PLANS by one of Newcastle’s oldest schools to take over a Victorian hospital site are set to be given the go-ahead.
Planners are advising Newcastle city councillors on June 4 to back the scheme by Dame Allan’s Schools to develop the six-acre former Hunters Moor Hospital site in Spital Tongues.
The hospital – built in 1893 and closed three years ago – would be replaced by a 300-pupil junior school for Dame Allan’s and a 20-pupil nursery, with associated external learning and play areas, grass and sports facilities, staff and visitor parking and drop-off areas.
At present, the junior school is split between sites at Forest Hall and the main Dame Allan’s School in Fenham.
The development would also increase capacity at the schools, which currently have almost 1,000 pupils and free up space for development at Fenham, in areas like art and technology.
A feature of the new building would be a red, egg-shaped pod above the entrance, which will be an external extension of the school library.
Dame Allan’s principal Dr John Hind said: “This will represent our vision of the library being at the heart of the school.”
Environmental considerations have also played a significant part in the design of the new school.
The siting and orientation of the building would take advantage of the topography and micro-climate of the site to incorporate renewable energy technology in the form of ground source heat pumps, wind catchers, solar water heating, and rainwater collection for use in toilets, with the temperature of the building controlled through solar shading and natural ventilation wherever possible.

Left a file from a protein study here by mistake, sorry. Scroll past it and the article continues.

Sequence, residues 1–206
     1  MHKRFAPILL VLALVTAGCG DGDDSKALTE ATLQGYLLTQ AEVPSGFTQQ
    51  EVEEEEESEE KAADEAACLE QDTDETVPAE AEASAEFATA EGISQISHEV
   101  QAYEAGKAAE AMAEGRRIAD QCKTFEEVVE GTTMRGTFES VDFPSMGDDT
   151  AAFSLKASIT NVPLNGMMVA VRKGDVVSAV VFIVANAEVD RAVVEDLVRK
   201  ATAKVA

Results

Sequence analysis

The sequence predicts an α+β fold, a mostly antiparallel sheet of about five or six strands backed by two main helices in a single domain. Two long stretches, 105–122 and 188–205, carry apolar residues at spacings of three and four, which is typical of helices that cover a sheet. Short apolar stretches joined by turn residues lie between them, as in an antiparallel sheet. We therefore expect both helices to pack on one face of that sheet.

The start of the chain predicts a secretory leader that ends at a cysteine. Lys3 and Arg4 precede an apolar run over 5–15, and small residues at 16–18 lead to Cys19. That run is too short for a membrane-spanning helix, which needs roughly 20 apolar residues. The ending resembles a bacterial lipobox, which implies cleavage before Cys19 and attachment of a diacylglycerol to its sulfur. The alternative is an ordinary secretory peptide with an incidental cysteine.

A computer programme will monitor the temperature and CO² levels, adjusting the temperature and ventilation when necessary in individual rooms.
Rubble from the demolished hospital would be recycled on site to level the ground and architectural features from the old building would be used as part of the landscaping.
Dr Hind said the venture would be the biggest physical development for the school since it moved from College Street in Newcastle to Fenham in 1935.
The Town Moor and Hunters Moor adjoin the site to the west. Dr Hind said: “The large, mature, wooded site is a wonderful learning opportunity in itself.
“The teachers and pupils will be able to explore the grounds, seeing the natural world at first hand and watching the seasons unfold. There is so much space on the site which can be used for learning, for sport and for pure enjoyment.”
Council planners say: “The proposed school has a playful, quirky appearance with slight changes in colour to the rainscreen cladding and a protruding curved oval pod feature adding external definition to the main entrance and internally would form part of the library at first floor level. The proposal would retain the existing mature woodland setting, incorporating bat mitigation measures, whilst also delivering extensive play and sport facilities and break out space for pupils.”